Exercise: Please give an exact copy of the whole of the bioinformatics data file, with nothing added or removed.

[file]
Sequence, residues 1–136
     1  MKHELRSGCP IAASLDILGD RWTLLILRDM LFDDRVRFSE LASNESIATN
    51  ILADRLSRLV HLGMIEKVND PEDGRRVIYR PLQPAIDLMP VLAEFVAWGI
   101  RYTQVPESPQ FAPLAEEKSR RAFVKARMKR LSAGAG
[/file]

Sequence, residues 1–136
     1  MKHELRSGCP IAASLDILGD RWTLLILRDM LFDDRVRFSE LASNESIATN
    51  ILADRLSRLV HLGMIEKVND PEDGRRVIYR PLQPAIDLMP VLAEFVAWGI
   101  RYTQVPESPQ FAPLAEEKSR RAFVKARMKR LSAGAG